Tor's approach to countering fingerprinting is to make as many users "appear the same" as possible. Let us call this "generalization". While Brave tries to randomize all fingerprints of each and every user in a unique way (for each new opened session).

A short quote from Brave to get the context:

"We're adding subtle, non-human perceivable noise to the JS readable outputs of the audio, canvas and WebGL APIs. The randomized end points give you unlinkability across sessions for (for any fingerprinter who consumes a randomized endpoint)"

Which of those two approaches (randomize vs generalize fingerprints) is technically more effective in making it more difficult to track/pinpoint that a user across weeks of different browsing sessions is the same user?

This is about technical facts not opinions. I am not a expert, but I assume that this is a clear technical question and experts should be able to tell the difference of both approaches' impact on user identification.

  • I'm not sure the reason for the two methods is about effectiveness, but about implementation details and dealing with supplemental effects.
    – schroeder
    May 23, 2020 at 14:59
  • I am not an expert. Please advice how if needed it should be rephrased. I just like to know the basic differences and impact on the end goal of preventing user tracking. Experts who have tested and worked with both techniques should be able to weigh in. May 23, 2020 at 15:09
  • I don't think anything needs to be rephrased, I'm just saying that you might be looking for a difference when there is none with regards to what you are looking for.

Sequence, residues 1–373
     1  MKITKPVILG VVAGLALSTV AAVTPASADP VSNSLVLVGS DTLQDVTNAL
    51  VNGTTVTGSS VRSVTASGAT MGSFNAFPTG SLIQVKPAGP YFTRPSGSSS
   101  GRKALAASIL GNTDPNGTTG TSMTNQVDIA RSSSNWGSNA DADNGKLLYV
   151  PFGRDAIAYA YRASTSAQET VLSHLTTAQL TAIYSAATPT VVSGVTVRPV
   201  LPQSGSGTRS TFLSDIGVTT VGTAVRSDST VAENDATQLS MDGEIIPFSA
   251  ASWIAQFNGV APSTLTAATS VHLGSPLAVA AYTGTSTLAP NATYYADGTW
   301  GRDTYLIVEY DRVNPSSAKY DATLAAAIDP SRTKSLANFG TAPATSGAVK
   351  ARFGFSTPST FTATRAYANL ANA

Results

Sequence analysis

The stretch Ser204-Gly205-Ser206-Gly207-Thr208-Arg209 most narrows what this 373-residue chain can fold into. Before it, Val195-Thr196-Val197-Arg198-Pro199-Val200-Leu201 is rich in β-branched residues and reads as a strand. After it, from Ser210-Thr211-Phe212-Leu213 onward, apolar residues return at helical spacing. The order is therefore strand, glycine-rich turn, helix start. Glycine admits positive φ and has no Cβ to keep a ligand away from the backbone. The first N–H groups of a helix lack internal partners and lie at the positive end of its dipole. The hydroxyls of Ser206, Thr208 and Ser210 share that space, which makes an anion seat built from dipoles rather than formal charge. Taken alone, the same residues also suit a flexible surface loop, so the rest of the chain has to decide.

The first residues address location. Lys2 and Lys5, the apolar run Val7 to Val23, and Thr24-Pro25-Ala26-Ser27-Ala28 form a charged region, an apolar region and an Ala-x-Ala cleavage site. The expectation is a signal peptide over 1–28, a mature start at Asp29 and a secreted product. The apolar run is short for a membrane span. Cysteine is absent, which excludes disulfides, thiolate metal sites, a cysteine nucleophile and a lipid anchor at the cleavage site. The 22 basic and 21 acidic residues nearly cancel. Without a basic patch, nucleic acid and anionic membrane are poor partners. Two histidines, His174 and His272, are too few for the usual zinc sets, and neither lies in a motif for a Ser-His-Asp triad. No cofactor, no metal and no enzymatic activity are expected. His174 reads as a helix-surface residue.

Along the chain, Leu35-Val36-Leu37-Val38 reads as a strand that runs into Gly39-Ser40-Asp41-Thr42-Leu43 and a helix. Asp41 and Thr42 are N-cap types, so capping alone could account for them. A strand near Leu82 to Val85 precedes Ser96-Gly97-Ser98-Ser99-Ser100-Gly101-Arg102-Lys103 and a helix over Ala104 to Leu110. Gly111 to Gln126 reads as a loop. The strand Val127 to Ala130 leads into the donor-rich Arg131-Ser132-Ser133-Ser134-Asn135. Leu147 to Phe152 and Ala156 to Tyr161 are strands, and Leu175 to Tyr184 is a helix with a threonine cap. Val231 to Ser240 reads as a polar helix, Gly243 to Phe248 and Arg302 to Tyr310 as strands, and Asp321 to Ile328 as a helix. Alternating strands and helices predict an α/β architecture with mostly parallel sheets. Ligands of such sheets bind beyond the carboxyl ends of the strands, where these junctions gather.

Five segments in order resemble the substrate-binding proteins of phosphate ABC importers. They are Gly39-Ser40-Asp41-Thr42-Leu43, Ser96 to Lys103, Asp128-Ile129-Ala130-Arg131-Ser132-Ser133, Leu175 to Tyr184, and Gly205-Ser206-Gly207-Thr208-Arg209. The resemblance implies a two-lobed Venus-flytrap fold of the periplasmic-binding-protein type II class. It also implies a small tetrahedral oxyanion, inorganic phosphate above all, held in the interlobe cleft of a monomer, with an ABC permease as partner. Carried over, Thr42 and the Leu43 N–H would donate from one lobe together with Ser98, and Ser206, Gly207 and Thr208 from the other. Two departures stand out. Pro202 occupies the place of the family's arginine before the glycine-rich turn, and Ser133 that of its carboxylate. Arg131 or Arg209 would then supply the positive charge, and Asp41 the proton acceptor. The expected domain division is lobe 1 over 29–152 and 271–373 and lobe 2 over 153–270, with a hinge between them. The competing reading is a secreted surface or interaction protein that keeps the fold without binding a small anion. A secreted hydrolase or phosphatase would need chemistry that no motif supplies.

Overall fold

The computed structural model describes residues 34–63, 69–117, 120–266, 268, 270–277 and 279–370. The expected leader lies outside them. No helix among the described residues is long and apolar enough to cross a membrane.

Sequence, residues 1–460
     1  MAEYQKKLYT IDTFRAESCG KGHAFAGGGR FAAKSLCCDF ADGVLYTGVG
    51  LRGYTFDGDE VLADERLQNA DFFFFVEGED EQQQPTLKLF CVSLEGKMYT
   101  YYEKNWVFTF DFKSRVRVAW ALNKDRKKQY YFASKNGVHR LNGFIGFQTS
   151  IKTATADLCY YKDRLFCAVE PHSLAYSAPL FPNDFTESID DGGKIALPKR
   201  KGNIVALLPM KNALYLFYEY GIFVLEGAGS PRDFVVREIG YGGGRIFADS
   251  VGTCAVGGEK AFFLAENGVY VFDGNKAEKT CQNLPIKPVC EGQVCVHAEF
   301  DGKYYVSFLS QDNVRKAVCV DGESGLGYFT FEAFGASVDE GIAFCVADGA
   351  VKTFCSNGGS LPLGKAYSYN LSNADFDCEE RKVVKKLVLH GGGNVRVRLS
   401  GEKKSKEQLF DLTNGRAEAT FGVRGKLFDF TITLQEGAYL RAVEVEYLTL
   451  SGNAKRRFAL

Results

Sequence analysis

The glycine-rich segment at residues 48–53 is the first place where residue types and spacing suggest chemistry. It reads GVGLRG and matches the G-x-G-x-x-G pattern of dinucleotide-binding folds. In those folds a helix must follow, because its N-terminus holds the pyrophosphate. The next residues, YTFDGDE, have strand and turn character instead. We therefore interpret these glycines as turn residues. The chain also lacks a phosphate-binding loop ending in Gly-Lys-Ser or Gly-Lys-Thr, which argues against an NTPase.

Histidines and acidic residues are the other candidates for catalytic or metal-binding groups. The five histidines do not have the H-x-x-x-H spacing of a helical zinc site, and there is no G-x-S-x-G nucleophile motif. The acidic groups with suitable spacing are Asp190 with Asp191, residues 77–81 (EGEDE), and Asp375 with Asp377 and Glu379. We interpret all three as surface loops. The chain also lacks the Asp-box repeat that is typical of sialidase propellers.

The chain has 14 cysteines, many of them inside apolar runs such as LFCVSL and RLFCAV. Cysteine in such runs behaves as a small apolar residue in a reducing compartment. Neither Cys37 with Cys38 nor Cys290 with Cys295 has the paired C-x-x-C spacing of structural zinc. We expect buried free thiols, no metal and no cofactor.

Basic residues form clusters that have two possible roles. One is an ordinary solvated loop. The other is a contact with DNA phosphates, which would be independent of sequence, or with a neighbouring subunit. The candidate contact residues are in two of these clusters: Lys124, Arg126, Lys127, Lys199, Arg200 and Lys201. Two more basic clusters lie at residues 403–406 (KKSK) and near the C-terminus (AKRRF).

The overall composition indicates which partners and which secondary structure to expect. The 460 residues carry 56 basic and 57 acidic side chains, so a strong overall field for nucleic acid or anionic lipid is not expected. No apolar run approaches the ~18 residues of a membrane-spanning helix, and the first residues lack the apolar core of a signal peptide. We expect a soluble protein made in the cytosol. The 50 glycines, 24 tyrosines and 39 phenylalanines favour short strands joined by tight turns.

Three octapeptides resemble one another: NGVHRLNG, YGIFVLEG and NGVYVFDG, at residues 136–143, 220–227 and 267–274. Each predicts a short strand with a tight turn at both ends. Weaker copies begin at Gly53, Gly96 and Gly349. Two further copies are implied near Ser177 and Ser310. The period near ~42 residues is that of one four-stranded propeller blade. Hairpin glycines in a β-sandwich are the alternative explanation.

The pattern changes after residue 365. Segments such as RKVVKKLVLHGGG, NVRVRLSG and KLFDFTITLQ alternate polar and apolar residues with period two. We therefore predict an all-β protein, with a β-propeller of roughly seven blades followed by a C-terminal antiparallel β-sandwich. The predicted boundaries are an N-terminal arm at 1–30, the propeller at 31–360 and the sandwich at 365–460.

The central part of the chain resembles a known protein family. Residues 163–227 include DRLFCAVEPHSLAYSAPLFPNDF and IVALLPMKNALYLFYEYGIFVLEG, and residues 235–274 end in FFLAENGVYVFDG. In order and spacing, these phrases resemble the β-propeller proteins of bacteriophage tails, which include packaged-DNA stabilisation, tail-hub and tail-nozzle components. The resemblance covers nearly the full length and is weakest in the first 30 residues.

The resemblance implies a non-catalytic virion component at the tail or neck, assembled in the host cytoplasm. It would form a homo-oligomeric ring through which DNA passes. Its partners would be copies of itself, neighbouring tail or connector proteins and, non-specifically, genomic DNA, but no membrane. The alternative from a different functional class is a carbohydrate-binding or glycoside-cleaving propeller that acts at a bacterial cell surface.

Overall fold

– schroeder
    May 23, 2020 at 15:25

1 Answer 1


You are comparing apples with oranges.

Tor makes standard only those parameters that can be the same without any disadvantages to the user. For instance, window size or agent string. But some parameters like result of drawing something on canvas cannot be done standard. If you draw things in the same way everywhere, the web page can look unreadable.

What Brave and many FireFox and Chrome extensions do, is adding some noise to such data like drawing on canvas. As long as changes remain small and not perceivable, users don't complain about the negative effects of such noise. But this is also a limitation of such protection method. Because making sure the noise is not perceivable means that some statistical parameters must remain in a limited range. This means that despite some information provided by canvas is lost, it remains still not null and can still be used to compute a fingerprint.

What of these methods is more effective depends on particular fingerprinting algorithm. If algorithm uses canvas fingerprint blindly, believing it gets say 15 bits, then actually we should subtract these bits because they will be different each time. Thus Brave approach would be more effective.

But if some site uses another fingerprinting, calculates some statistical values (some average values, deviations, etc.), then in general it gets less bits of information, let say 5 bits instead of 15. But it remains resistant to small noise added. Thus this fingerprint will be the same for Brave and for Tor, where as Tor has some other parameters standardized. In such case Tor will be more effective.

There is no simple answer.


We should consider also the other side: the web site that computes your fingerprint. The meaning of effective depends a lot depends on many factors: